This App That Lets Strangers Rate My Appearance Is What Was Missing From My Life

I’m just so happy it exists


Tired of the careful, couched feedback you’ve been getting around how beautiful people think you are? Want the real honest truth about where you fall on the 1-10 scale? Download Spontana, the newest disturbing scar on the arc of modern narcissism. Blatantly branded in the same chunky cursive as Instagram, Spontana enables you to upload selfies to a band of altruistic strangers who will tell you how good looking they think you are. Say goodbye to reading into your Like/Comment statistics on IG and say hello to your official, totally objective beauty grade.

“The role of Spontana is to satisfy your desire of getting feedback on what different people think about your current look,” says the app’s site, literally answering our prayers.

It’s important to satisfy this particular desire, which stems from the patriarchal paradigm that did us the favor of defining feminine beauty and then demanding we all value it, invest in it and worship it. I’m grateful someone found a way to capitalize on this particular gap in the market and am excited to come to terms with what other Spontana users think of my nose.

If you, too, are eager to double down on how much you care about what people think of your face, I recommend you climb aboard. For a sneak peek into what it’s actually like, read about tech writer Daniel Cooper’s experience with the app here.

“[I]f the subject comes up in conversation, I’ll joke that, on a hypothetical scale, I’m a ‘four … in bad light,'” says Cooper, a light-hearted man who is able to find the humor in the 1 to 10 scale. “The internet, however, has enabled me to find out precisely how other people rate my attractiveness. It’s been a fun week.”

(It could be a fun week for you, too!)

Sorry to spoil the surprise, but Cooper is a 59.8/100. While he initially describes himself as “gripped by the buzz” incited by the app, he goes on to admit it’s all, “incredibly messed up when you think about it.” Eventually Cooper goes on to rate others, at which point he employs the charitable approach of “gently inflating” scores for those he finds less attractive to “cushion the blow.”

I’m sure Cooper is just one of many humanitarians you can expect to find on Spontana, the app that helps us discover how a smattering of Internet people feel about our chins. Tired of not feeling objectified enough? Relief is on the way!

Illustration by GraphicaArtis via Getty Images; collage by Maria Jia Ling Pitt.

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  • dietcokehead

    Oh tight so glad HotOrNot is back

    • Peter

      right how will i know which pic will get me the most myspace friends without hotornot + feedback from my buddy list on aim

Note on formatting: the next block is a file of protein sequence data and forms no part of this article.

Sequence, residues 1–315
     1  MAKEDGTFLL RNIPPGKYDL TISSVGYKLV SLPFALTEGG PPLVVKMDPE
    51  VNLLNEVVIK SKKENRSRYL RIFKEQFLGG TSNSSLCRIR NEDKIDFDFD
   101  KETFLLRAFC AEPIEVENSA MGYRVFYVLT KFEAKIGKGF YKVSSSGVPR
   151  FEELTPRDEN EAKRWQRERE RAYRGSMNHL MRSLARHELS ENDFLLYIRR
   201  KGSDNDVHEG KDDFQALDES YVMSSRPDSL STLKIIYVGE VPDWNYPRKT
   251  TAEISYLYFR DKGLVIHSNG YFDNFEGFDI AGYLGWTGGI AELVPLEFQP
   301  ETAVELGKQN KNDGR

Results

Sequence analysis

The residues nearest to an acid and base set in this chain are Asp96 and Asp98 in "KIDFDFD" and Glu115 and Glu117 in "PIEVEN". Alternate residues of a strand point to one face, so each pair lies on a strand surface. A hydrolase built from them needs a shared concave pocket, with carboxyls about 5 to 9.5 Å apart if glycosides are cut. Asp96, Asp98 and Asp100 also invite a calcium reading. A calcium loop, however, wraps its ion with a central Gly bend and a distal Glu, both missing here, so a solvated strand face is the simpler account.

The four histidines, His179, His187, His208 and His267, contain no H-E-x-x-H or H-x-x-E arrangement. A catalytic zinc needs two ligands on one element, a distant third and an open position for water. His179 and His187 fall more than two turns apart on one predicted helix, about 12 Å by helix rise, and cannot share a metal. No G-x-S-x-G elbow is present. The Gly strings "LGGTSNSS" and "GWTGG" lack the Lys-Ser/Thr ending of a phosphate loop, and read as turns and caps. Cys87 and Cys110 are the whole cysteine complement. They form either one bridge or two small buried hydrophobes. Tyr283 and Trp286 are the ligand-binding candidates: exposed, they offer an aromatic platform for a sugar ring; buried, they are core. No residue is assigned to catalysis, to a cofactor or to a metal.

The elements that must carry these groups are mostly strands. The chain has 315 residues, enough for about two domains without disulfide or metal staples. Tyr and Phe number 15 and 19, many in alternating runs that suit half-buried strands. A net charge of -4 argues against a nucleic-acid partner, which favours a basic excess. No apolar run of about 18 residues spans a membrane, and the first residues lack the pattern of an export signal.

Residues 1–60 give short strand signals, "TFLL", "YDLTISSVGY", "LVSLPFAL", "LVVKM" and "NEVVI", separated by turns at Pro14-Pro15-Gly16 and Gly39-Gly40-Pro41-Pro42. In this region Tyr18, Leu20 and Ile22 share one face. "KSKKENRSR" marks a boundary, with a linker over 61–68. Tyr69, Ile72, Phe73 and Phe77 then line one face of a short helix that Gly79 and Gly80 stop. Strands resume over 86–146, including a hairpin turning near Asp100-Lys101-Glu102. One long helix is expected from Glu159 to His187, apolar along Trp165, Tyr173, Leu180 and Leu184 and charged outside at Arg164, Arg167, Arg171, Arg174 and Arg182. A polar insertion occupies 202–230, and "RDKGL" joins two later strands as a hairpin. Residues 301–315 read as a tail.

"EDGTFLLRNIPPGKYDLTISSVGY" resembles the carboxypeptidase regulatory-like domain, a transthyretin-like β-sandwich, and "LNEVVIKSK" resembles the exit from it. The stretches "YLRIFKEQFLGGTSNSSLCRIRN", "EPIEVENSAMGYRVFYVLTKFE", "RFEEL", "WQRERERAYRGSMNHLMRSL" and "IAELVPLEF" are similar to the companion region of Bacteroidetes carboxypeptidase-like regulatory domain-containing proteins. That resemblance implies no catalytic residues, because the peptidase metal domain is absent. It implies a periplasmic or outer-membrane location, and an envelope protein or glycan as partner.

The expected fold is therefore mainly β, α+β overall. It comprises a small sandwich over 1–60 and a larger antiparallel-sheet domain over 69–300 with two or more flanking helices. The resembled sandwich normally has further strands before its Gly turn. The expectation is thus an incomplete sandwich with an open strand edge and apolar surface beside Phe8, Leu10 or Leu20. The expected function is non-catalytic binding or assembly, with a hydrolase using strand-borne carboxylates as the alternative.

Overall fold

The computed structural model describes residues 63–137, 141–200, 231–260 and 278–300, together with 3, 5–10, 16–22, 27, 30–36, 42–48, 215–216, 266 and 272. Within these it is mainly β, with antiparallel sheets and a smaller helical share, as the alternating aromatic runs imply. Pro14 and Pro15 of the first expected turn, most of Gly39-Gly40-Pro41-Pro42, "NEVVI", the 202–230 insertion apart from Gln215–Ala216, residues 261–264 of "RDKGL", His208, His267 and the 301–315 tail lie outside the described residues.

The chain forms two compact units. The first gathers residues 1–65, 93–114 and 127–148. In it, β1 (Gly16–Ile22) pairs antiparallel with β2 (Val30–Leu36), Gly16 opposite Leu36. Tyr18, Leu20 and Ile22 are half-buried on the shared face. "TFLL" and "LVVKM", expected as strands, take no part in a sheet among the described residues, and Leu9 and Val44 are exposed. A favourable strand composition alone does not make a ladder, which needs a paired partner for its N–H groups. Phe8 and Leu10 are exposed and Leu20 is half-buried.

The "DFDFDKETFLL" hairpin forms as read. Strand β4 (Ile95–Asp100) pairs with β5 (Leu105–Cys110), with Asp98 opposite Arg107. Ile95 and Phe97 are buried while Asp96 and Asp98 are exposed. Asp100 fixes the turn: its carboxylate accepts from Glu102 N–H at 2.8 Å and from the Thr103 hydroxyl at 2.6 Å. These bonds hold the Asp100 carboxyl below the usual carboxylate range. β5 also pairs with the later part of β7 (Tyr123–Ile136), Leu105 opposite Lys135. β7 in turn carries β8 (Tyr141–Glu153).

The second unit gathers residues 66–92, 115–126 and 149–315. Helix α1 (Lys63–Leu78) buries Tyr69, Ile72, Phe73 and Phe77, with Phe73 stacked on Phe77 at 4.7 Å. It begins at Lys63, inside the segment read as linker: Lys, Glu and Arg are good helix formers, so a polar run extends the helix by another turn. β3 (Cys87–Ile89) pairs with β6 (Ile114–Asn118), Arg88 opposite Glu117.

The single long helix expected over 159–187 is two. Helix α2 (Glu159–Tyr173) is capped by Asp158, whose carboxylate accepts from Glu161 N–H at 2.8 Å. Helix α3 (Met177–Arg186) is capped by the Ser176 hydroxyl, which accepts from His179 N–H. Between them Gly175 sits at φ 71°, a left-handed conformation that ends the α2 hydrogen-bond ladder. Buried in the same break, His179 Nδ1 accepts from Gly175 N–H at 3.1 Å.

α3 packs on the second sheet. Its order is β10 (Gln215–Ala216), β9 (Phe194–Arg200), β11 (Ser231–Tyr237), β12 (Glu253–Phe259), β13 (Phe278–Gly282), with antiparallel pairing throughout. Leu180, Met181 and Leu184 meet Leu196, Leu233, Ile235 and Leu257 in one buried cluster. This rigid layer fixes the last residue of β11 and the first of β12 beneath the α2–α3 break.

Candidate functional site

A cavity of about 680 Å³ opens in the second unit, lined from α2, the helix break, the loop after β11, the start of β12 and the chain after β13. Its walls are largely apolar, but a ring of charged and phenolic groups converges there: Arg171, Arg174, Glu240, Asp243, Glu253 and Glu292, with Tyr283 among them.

• Gonna go ahead and give this app a general, all-around rating of Nope.

    • Ana Balenovic

      I agree.
      How awful, in my opinion ! Like??? Firstly, it’s none of a ‘strangers’ business to be commenting about anything about another person.
      And second like get a life too, bro.
      No one would be using this app on me, that’s for sure. Sorry, but this is not a go for me in what I support.

    • ‘1-10’ scale. Ugh.

  • Hellbetty666

    This seems incredibly stressful. If I want to know how strangers feel about my look, I’ll just go outside – frankly, they’ve never been backward in coming forward with comments about my style/appearance.

  • Robin

    I can’t deny I was like ‘whats it called’ so i could get it. For a sec. Then I realized how distuuurbeddd this is

  • Is there a “but my mom said I was special!” button on each profile to “soften the blow” further? This is so disturbing…

  • Morgan Siggard

    Makes me think of that episode of Black Mirror with Bryce Dallas Howard in it where everyone rates other people (on looks, polish, positivity, politeness) and then their ratings–good or bad– affect their day to day lives. It was chilling. It seems rather cruel to have people rate your face or physical appearance since you can’t change them (apart from serious cosmetic surgeries–of which I hope I never feel the need to take part in). For people whose self esteem can handle anonymous ratings– more power to yah! Personally, I don’t need social media induced issues to discuss with my therapist.

  • coolgirl

    Reinforcement of euro-centric standards of beauty in three, two, ….

  • Lou

    I’m sick of this kind of writing.

  • EmilyWilson

    I love Haley’s Sarcasm Series so much; the irony is pitch perfect. I always start reading thinking it’s serious and I’m slightly disturbed, but I’ve been catching on more quickly with each article. I think that humor is one of the most effective ways of deconstructing deeply entrenched -isms.

  • G De Siena

    Sounds very Black Mirrror-y O.o

  • Vicky Alvarez

    I am actually genuinely curious to find out how I would do on this app. But then I would lose several points, because there is nothing more beautiful than love and self respect.

  • ashley

    jesus h

  • Utopia

    Bad humor mixed with even worse writing style.

  • Guy

    So much SJW seething. Objectivity isn’t the patriarchy dear, and if it was then that just means you’re fighting reality. Get a grip.